Damir Marusic, nonresident senior fellow with the Atlantic Council’s Future Europe Initiative:

“The news that the EU is opening accession talks with North Macedonia and Albania is of course welcome. Signs of normalcy are hard to come by these days, and nothing is more normal than the sight of Brussels committing itself to a process—enlargement—that has in many ways defined the EU since the end of the Cold War.”

“But like with so much happening today, we should not be seduced by the sight of something familiar into concluding that we are back to “normal.” Before the coronavirus upended everything, French President Emmanuel Macron rattled the European establishment by blocking the opening of talks and demanding a more “political” protocol for enlargement—a euphemism of sorts for what amounts to full reversibility of the process—be adopted in exchange for lifting his veto. Macron got everything he wanted and green-lighted accession earlier this year. The end result, however, is that the opening of accession talks, largely a symbolic gesture anyway given how countries like Turkey and Serbia have been caught in limbo for years, has had even its meager symbolism degraded.”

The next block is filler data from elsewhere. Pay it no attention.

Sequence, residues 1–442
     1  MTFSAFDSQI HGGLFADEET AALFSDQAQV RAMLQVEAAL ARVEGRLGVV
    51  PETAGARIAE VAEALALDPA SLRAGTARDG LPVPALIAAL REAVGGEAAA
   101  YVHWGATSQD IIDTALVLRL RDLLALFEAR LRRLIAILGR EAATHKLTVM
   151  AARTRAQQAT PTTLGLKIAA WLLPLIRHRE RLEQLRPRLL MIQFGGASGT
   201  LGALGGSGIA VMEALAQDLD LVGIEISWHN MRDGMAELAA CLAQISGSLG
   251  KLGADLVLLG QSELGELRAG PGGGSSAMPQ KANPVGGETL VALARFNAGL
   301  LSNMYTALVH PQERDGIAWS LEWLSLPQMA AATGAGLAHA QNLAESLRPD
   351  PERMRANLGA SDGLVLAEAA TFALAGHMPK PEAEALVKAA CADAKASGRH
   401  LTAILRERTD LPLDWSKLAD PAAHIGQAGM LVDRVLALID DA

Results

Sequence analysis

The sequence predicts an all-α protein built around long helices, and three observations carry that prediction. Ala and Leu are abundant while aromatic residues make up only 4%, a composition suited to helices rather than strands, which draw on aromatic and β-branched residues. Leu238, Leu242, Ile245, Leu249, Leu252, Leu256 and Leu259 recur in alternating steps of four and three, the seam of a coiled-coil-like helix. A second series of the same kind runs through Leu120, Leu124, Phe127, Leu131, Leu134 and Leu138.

“On the merits, North Macedonia has been ready for years to start, and given its recent reforms by all rights deserves a shot at being in the club as much as neighboring Bulgaria. Given how small a country it is, perhaps it could even sneak through before the decade is out. Albania, however, faces a much steeper climb, and underscores how little this week’s milestone actually means. The Dutch, who were most opposed to even starting the process with the Albanians given concerns about organized crime, were mollified by assurances that the revised protocol all but assures Albania will be kept out. Even the announced opening of the process with Albania has several preconditions attached.”